APEX, the Association of Professional Executives of the Public Service of Canada, has a new CEO. The independent, not-for-profit association, now 29 years old, is governed by a volunteer board of directors of federal executives. Lisanne Lacroix, its new CEO, Nadir Patel, board chair and assistant deputy minister, Corporate Planning, Finance and Human Resources and Chief Financial Officer, Foreign Affairs and International Trade Canada, and Donna Achimov, board vice-chair and chief executive officer, Translation Bureau, Public Works and Government Services Canada, spoke with editor-in-chief Toby Fyfe.
Lisanne, as the new CEO, what are your priorities for the future?
Lacroix: My very first priority is to take the pulse of the EX community across the country. We are a national association so it’s important to understand what EXs are thinking and feeling from one part of the country to the other.
In terms of what I would like to accomplish, I’d like to ensure that APEX provides support to all EXs, but particularly to new executives, executives who join the public service in mid-career, executives in the regions, and future executives. And when I talk about support, I mean support at the individual level so EXs can be effective in the workplace, and then support to them as members of the greater public service.
Nadir, the government is going through significant change. What are the new challenges facing the executive community that APEX will have to respond to?
Patel: For the board of directors, managing change and developing the leadership capacity that the public service needs now and well into the future are key challenges. In addition, how to influence a culture shift in the public service that includes modernizing how we deliver services, innovating processes, and managing performance. These challenges bring an opportunity to reshape and refocus in support of the executive community. We’re looking at the current time and environment as an opportunity to contribute to the re-shaping of the public service.
We’re focused on leadership excellence by developing a national community of leadership best practices not only from within the government but also by importing practices from outside the public sector. We’re looking at competencies, career development and leadership programs. We’re also talking about health and wellbeing.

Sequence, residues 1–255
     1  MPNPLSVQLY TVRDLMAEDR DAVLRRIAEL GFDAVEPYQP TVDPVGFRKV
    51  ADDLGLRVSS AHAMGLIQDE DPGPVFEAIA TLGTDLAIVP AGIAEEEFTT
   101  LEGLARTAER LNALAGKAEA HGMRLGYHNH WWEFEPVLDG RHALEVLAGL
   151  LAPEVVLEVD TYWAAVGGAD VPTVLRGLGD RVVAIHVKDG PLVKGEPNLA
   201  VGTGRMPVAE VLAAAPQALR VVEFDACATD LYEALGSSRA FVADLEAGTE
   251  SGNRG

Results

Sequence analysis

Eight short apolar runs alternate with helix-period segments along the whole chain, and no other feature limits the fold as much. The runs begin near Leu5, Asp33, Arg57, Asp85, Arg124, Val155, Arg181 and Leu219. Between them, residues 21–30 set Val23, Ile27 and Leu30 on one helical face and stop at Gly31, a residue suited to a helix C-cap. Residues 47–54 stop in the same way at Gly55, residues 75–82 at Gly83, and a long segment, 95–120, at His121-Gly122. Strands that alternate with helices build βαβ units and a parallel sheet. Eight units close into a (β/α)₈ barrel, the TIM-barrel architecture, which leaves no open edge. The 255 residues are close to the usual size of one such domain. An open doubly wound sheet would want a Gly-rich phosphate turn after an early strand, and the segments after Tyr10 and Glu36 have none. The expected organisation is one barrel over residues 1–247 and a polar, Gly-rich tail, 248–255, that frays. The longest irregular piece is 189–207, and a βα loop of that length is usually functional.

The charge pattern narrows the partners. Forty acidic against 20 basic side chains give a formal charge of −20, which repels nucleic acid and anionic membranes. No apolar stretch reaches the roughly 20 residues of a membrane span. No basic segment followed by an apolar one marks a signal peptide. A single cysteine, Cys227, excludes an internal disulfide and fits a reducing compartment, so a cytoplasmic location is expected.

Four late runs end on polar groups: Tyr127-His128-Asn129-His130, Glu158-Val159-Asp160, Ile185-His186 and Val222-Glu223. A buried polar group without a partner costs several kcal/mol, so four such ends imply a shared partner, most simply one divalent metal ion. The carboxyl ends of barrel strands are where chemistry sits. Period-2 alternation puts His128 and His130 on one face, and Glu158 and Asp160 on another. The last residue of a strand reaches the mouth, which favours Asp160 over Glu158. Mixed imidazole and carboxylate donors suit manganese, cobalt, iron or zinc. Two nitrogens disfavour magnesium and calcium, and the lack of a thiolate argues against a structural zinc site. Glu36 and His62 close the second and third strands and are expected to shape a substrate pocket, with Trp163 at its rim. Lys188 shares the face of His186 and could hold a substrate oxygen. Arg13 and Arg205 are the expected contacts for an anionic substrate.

Donna, there is a growing number of younger people who are moving into the EX community. Has that posed special challenges for APEX?
Achimov: I think it poses huge opportunities. APEX has really put a focus on supporting new executives through one of our premier events, which is a new executive induction ceremony. That’s an opportunity to network and to expose new executives to leadership at the federal level. We have a huge turnout of senior officials including the Clerk and the DM community, and for us it’s an opportunity not only to welcome, but really to start thinking about the necessary support for, development and engagement of, new executives.
APEX is also offering meaningful networking opportunities where people can bounce ideas, where they can look for opportunities to partner and work horizontally. One thing we’re doing is following executives after their first year. It allows us to grow as an organization, to understand what the emerging needs are, and to focus our efforts and energies.
Lacroix: We’re going to be starting a new series of breakfast learning sessions called “So You Are an Executive: Now What?” The first one is called “Stop Doing and Start Leading,” the second “Managing Performance” and the third “Creating a High Performance Organization.” We’re also going to start action learning groups where EXs can bring issues that they’re struggling with in the workplace to APEX and discuss them with other EXs and a coach.
Patel: APEX is very much about building the management capacity that’s needed to lead today. Training and learning are fundamental to what we do.
APEX meets regularly with deputy heads. Why?